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 The Baby's First Picture Album

Sermon - 12/23/12
Daniel E. H. Bryant
First Christian Church, Eugene, Oregon

Luke 1:46-55

I made a rather remarkable discovery the other day.  I was rummaging around in some of our archives when I found this old dusty photo album.  One of the things we have not yet found in the history of this historic building is a picture of when the church was being built.  Youíd think somebody would have taken a picture of such a grand enterprise in those days just over 100 years ago.  I know cameras were still a bit of a luxury, but there are pictures from that era of Eugene, even of our two previous buildings, just none that we can find before the building was finished in the late fall of 1911. 

So I opened this album with great anticipation.  But I found nothing of buildings, just old, faded photographs of ancient people.  People with names like Elizabeth, Zechariah, Mary and Joseph written on the back.  I was so disappointed.  Then I thought, hmm, I remember those names from somewhere.  Oh yeah, the Christmas story!  Could it be?  Nah, itís not possible.  Everyone knows photographs wonít survive more that 200 years.  I mean why else donít we have any pictures before 1850?  Something to do with the ink they used back then in their print cartridges. 

But hey, Christmas is the time of miracles, so just suspend your disbelief for a moment and go with me on this, OK?  I mean, have you read the story lately?  Virgin birth, heavenly messengers popping in and out all over the place, choruses of angels singing to shepherds, stars leading kings on lengthy journeys without any GPS, and you think finding an ancient photo album is hard to believe?

In fact, that is exactly what the first three chapters of Lukeís gospel is!.  It is a scrapbook of a familyís first child. Luke shows us snapshots of the family in those early months.  And Iíve got a copy right here, from the archives of the church.

So we open the cover and see first a picture of cousin Elizabeth and her husband, Zechariah. Elizabeth is beaming like a kid with a new bicycle, pregnant as a plum on a toothpick.    Old Zech has his mouth closed tighter than a tupperware lid.  Angel sealed it shut when he doubted his wife could have a child in their old age.  Boy was he ever wrong!  Looks Ďbout as happy as a frightened tiger on lifeboat.

And hereís a picture of Mary with Gabriel when she first got the good  news. Never mind the angel, canít see him anyway because heís so bright.  Look at that expression on Maryís face!  Talk about dropping your jaw.  Her mouth is open so wide you could drive team of camels through there!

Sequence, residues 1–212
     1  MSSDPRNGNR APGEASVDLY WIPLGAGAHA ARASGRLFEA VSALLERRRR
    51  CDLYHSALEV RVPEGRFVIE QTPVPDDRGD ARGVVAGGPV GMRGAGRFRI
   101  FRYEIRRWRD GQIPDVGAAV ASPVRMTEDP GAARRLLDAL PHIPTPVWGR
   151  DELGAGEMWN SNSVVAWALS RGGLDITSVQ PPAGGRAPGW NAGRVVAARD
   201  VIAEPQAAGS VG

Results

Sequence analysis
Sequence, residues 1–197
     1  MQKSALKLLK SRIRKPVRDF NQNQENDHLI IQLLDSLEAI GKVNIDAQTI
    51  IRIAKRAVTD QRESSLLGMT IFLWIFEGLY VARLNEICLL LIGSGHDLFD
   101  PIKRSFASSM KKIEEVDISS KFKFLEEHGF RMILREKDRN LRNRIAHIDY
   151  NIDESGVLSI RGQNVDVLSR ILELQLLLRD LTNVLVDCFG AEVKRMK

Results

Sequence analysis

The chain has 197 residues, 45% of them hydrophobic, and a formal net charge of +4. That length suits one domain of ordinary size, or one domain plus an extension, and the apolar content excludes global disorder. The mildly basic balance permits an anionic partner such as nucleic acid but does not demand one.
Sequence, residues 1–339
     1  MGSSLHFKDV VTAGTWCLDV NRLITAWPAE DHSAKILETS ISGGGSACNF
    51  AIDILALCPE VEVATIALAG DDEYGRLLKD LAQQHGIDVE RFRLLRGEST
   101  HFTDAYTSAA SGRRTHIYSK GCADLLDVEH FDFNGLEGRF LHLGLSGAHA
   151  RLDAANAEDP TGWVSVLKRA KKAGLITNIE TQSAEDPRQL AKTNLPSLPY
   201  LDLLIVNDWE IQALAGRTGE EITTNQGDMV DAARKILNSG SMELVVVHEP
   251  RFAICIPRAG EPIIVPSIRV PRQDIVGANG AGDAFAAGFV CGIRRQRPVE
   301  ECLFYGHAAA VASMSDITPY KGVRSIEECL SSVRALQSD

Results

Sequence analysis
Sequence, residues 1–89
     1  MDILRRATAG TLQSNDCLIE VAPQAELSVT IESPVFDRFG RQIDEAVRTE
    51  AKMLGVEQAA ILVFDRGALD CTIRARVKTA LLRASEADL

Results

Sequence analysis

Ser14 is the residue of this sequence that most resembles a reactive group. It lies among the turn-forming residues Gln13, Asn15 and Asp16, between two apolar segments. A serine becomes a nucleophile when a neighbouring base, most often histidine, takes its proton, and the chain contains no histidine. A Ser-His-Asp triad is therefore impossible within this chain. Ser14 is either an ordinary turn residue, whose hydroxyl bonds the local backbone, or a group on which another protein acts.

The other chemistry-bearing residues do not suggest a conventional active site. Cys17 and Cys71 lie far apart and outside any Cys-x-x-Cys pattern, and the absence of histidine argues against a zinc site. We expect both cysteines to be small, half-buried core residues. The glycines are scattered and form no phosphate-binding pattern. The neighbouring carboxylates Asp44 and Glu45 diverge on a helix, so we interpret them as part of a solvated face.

Then hereís a picture of the two together, says something about an unlikely pair of expecting cousins.  They look like a couple of giddy teenagers at a pajama party--which is understandable for Mary since she is  a teenager.  Elizabeth, however, looks to be at least three times her age.  But here they are, comparing the size of their unborn babies, grinning from womb to womb.

Look here, itís Elizabeth and Zechariah again with their new born son, John.  Old Zechís mouth isnít shut anymore, however.  By golly heís got something to say and by the looks of it, heís telling the WHOLE world.

Now here you go, isnít that special.  Itís the first picture of the baby Jesus, lying in the manger--not a very inviting place for giving birth, is it?  You can only hope that they at least some clean straw in that box.  Mary looks pooped and Joseph looks proud, as if it was all his doing.  But we know better, donít we? 

Oh and look at this, Luke found a picture of the shepherds who were there that night.  Boy they sure look like they came from the hills, donít they?  Matted hair, ragged clothes, chafed cheeks--I wonder how long itís been since they had a bath! 

Oh this is precious, the dedication of  the baby in the temple.  Old Simeon here looks like he has been waiting there for 100 years.  Look how he is holding Jesus.  Youíd think the baby was made of crystal.

Now letís see, somewhere in here I know there has to be a picture of the kings that came to see Jesus.  We all know there were kings, three I believe.  So where did Luke put it?  Surely someone would have taken a picture of the kings!  Or maybe heís saved some of that frankincense or myrrh between the pages. (sniff) You know, something to show off Jesusí royal lineage.  It has to be in here somewhere!  Iíll be darned, not a trace.